The student centred approach is visible throughout the strategy. Leask (2014) points out that student engagement and learning is easier to observe and document when teachers are able to view interactions in class discussions and thereby assess the quality of interactions the student has made with the content prior to the lesson. The early delivery of content also facilitates learning as the teacher is able to assist individual students with cementing their understanding and clarifying misconceptions, which is essential for low ability and low literacy students (Schmidt & Ralph, 2016, p.1). This guided class discussion and application is very provident for students that are unable to receive assistance at home for their learning. Flipped classrooms increase learning outcomes as students are required to take responsibility for their own learning and that students gain confidence in class discussions due to the prior access to content material (Basal, 2015, p.32).
An indirect positive consequence of flipped learning is that the creation of videos for students to access prior to the lesson also provides access to content for students who are unable to attend school due to illness or personal circumstances (Schmidt & Ralph, 2016, p.1). Prior to 2020, remote learning and remote access to content was not a priority but with the recent pandemic and resulting lockdown, flexible and adaptable learning have become a concern for many teachers across the country.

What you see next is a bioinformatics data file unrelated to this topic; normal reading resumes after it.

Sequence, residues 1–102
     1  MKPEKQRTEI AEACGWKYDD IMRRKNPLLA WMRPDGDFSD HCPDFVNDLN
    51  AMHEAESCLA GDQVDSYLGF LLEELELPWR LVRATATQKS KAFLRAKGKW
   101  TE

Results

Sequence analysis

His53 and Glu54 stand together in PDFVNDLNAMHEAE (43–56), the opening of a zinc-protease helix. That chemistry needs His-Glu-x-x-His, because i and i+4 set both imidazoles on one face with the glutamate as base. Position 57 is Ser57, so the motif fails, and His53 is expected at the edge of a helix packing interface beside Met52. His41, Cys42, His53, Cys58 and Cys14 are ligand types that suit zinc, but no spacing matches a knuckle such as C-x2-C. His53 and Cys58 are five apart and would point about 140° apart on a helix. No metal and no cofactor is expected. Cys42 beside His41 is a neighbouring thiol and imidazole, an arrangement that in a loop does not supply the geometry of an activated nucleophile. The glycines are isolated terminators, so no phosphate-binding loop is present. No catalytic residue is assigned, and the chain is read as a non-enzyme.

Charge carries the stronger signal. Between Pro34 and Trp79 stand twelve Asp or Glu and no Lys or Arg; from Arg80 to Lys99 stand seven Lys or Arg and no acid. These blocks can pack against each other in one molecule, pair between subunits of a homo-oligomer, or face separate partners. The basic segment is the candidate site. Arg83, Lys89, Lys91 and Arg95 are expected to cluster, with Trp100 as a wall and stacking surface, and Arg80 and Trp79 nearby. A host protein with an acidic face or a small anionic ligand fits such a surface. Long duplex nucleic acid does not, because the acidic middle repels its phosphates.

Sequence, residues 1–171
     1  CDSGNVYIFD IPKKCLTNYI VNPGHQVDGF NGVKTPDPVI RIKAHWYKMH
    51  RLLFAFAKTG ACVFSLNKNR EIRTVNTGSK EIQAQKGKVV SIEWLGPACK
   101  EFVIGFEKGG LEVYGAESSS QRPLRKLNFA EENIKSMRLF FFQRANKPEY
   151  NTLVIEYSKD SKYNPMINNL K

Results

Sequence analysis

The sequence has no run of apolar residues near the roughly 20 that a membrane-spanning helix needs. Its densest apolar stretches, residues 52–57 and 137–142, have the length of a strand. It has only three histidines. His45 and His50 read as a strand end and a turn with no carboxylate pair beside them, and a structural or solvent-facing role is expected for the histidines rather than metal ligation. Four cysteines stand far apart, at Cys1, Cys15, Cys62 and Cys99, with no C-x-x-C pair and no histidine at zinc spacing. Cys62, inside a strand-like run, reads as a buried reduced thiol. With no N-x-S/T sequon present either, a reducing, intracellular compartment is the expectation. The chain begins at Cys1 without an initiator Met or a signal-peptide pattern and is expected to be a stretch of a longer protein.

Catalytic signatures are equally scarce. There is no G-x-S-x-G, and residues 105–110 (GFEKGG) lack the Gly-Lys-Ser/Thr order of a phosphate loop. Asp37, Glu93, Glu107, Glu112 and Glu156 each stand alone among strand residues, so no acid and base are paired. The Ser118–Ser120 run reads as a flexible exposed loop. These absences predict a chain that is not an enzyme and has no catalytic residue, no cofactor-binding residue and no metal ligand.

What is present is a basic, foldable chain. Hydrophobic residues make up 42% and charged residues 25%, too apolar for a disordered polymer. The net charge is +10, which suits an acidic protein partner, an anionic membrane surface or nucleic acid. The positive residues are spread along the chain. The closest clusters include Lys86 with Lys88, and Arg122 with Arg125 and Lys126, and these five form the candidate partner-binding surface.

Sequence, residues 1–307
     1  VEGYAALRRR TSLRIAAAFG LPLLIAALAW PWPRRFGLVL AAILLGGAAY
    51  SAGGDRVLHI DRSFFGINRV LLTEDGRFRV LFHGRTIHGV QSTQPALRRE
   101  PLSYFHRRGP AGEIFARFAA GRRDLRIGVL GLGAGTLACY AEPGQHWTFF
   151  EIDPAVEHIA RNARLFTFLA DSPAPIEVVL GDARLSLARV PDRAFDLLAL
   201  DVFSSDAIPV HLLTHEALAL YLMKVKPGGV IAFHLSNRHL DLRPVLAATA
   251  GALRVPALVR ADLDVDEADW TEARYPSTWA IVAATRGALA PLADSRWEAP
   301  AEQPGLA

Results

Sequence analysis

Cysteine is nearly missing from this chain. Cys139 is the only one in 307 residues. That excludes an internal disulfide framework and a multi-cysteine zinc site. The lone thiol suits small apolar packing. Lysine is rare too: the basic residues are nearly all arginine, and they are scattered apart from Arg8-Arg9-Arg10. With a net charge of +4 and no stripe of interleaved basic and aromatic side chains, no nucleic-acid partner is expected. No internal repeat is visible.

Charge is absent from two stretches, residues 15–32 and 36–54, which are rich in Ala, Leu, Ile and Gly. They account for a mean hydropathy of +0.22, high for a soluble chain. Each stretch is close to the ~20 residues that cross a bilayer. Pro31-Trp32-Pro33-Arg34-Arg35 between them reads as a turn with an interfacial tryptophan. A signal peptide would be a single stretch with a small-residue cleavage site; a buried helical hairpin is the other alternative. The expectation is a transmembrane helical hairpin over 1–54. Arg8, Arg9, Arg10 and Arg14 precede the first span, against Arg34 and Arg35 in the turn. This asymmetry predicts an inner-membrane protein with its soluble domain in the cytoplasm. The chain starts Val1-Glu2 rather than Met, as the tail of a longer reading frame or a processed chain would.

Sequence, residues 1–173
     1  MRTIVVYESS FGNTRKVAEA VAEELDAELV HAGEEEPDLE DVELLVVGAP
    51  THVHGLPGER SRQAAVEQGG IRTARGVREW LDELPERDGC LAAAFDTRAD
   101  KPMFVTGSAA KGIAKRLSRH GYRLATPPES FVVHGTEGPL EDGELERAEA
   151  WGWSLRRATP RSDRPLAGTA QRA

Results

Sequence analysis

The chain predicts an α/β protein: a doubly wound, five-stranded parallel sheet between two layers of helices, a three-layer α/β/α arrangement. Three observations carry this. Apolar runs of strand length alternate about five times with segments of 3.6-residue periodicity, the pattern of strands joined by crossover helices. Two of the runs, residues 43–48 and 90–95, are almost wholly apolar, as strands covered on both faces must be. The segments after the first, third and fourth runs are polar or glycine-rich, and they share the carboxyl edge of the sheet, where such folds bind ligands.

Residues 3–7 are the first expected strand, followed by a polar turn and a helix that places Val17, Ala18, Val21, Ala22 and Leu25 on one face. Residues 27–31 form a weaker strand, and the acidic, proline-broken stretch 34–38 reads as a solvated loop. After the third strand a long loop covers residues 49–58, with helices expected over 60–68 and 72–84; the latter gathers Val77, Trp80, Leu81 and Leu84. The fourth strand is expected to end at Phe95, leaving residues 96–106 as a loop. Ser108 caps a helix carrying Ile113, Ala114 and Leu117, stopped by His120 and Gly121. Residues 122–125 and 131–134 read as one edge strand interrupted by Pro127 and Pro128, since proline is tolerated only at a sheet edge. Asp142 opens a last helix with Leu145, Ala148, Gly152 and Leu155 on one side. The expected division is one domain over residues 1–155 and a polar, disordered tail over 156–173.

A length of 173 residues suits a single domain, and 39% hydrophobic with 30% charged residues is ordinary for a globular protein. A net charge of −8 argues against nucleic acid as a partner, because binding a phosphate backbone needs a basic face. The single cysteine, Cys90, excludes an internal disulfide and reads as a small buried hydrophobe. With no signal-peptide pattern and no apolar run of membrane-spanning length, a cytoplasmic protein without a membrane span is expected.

Whilst there are many benefits to using flipped classrooms in pedagogical practice, there are concerns. The primary issue is the creation of resources such as videos and other forms of multimedia to deliver the content. Schmidt & Ralph (2016) point out that even though the making of videos can be extremely time consuming, teachers should not divert to mundane Powerpoints and repetitive videos as they can lead to student boredom and disengagement. Another issue is that students can be disinclined to access the coursework prior to the lesson, and this disinclination can affect the vibrancy of the class learning and discussion (Ozdamli & Asiksoy, 2016). Another major concern with implementing flipped learning in pedagogical practice is access to personal devices and reliable internet outside of school. This makes accessing these resources such as online videos and other multimedia texts difficult for First Nations students, learners from lower socioeconomic families as well as rural and remote areas (DIIS, 2016).